The five main causes of injury in the commercial construction industry are:

  • Falls from height
  • Falls on the same level
  • Being hit by moving objects
  • Being hit by falling objects
  • Electric shock

To avoid the fourth cause of injury – being hit by falling objects – be aware that objects may free fall from structures including:

  • Roof scaffolding – including tools, rock, soil, bricks, etc.
  • Fixtures, such as ceiling panels that have not been securely fixed
  • Materials that fall from over-stacked shelving

When using lifting machinery, a vehicle or other plant equipment, ensure loads are secured. Other hazards include benches and mezzanine floors that are not strong enough to bear the weight of the objects kept on them; and objects or materials ejected when using material or hand tools.

Your choices are fall prevention, having a system to arrest falling objects, the use of ‘no go’ zones when there is a risk of an object falling into an area; and, as last resort, the use of personal protective equipment when there are no other practical control measures.

Control measures for fall prevention

There are numerous measure for fall prevention, including:

  • Stacking items so they cannot slide, fall or collapse when stored above ground level
  • Using netting or restraining bars
  • Following safe load limits
  • Ensuring shelving systems, barriers and other fittings are properly secured and well maintained
  • Inspecting pallets each time before use to make sure they are in a safe condition
  • Loading pallets correctly for load stability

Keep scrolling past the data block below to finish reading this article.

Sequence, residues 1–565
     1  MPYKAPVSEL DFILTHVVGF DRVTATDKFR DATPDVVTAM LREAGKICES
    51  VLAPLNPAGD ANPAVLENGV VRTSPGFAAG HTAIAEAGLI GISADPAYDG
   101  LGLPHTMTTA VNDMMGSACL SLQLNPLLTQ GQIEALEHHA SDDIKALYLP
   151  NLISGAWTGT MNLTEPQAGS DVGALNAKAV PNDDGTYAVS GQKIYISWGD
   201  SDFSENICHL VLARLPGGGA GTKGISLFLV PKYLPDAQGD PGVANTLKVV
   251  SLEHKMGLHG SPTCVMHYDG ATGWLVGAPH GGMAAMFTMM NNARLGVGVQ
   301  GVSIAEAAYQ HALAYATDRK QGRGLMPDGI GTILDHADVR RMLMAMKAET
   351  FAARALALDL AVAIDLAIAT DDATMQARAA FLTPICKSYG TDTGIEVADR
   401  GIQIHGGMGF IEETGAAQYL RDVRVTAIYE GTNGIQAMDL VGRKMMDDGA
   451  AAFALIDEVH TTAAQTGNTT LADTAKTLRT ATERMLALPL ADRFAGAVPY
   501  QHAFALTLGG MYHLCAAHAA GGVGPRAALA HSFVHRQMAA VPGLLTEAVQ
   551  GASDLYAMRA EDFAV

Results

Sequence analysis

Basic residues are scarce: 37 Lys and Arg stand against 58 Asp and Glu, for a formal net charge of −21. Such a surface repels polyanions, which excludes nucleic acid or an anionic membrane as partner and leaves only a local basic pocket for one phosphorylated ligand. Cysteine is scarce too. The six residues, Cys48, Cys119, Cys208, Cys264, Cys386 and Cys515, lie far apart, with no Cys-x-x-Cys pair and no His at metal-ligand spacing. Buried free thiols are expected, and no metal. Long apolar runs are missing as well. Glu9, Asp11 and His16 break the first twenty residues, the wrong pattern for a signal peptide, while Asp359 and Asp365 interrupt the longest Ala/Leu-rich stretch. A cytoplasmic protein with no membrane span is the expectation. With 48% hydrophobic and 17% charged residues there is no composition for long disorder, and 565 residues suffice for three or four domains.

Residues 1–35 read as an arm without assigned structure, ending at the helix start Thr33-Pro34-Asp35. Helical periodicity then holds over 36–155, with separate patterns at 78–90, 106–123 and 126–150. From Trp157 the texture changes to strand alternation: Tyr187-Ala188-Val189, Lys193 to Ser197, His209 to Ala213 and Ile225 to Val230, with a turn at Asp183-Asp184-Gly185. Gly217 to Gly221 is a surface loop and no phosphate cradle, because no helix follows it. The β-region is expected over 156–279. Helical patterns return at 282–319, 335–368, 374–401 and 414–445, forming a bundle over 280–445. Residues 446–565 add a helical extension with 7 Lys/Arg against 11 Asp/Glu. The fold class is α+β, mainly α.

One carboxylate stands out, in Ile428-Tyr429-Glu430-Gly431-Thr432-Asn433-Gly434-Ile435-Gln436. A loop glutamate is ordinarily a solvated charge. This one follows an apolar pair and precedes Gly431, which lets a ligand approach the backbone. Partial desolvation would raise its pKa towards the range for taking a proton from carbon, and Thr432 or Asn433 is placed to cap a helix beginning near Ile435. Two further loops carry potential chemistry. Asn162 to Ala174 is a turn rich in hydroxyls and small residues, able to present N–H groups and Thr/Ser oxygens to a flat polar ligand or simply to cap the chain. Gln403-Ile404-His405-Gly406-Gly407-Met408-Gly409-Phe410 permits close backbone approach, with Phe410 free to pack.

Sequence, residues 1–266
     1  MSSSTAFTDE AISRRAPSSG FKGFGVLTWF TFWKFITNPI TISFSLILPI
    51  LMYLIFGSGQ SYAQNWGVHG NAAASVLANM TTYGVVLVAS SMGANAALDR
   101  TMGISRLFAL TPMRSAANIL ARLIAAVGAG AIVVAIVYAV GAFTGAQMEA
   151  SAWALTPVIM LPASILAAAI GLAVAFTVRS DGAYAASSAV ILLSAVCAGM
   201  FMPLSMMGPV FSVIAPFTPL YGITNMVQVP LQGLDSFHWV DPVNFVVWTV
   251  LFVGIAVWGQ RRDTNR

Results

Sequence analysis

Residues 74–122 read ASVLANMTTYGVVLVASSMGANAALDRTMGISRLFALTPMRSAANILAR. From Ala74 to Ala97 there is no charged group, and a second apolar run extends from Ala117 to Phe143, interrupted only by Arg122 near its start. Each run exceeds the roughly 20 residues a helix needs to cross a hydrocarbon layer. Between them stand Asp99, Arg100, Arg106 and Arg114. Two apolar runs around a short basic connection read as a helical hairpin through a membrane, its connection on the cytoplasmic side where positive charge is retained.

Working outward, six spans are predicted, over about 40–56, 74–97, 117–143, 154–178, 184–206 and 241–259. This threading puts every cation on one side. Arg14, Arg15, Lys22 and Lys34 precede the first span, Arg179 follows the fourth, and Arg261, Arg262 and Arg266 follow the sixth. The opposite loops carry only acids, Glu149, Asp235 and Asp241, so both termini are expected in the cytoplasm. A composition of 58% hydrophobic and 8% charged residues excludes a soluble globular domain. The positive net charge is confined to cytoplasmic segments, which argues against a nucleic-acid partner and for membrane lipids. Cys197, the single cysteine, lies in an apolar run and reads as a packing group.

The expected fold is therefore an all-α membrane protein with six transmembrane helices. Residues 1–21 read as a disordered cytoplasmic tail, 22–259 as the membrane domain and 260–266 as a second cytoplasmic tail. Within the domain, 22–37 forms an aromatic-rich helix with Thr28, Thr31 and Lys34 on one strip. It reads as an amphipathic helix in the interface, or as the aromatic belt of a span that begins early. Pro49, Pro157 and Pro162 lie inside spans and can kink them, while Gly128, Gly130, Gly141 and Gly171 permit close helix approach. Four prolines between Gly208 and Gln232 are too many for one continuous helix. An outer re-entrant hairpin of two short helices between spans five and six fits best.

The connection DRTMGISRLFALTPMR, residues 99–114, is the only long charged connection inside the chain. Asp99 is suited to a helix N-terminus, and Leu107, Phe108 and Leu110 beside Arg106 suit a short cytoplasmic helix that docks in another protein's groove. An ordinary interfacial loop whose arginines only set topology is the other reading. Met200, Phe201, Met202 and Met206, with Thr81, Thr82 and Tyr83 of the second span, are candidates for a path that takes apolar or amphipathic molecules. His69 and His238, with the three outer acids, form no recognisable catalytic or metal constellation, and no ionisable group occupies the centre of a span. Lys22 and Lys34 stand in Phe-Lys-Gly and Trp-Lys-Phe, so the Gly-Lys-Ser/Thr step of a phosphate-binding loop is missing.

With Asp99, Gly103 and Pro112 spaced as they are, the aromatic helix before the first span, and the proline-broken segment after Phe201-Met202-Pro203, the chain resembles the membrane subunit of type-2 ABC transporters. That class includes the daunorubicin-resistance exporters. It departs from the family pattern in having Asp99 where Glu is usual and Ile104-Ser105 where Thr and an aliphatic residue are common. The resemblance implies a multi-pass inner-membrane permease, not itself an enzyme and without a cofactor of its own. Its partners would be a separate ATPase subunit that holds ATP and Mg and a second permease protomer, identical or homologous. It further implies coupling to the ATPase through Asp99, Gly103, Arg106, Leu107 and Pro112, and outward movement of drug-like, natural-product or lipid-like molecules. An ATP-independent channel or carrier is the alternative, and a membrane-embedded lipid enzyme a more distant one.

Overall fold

• Using banding, shrink or stretch wrap around loaded pallets

Working at height on construction can pose many falling objects hazards. Examples of controls include:

  • Keeping large equipment at ground level
  • Good housekeeping – ensuring materials, debris, tools and equipment that are not being used are out of the way
  • If placing an item on a scaffold or platform, providing a secure physical barrier at the edge of the elevated area, such as toe boards or infill panels that form part of a guardrail system
  • Securing tools and materials to prevent them falling on people below
  • Keeping tools or other materials away from edges and off of railings or sills
  • Using chutes when placing debris into a skip below a work area

Fall Arrest

Having a system to arrest falling objects is of great benefit, but any system needs to be well planned. In order to put fall arrest measures in place, first identify:

  • The types of objects that could fall
  • The fall distance and gradient

This allows you to calculate how strong the protective equipment or structures need to be to withstand impact forces. Control measures could include:

  • Erecting a covered pedestrian walkway
  • Erecting a catch platform with vertical sheeting or perimeter screening
  • Eroviding overhead protection on mobile plant.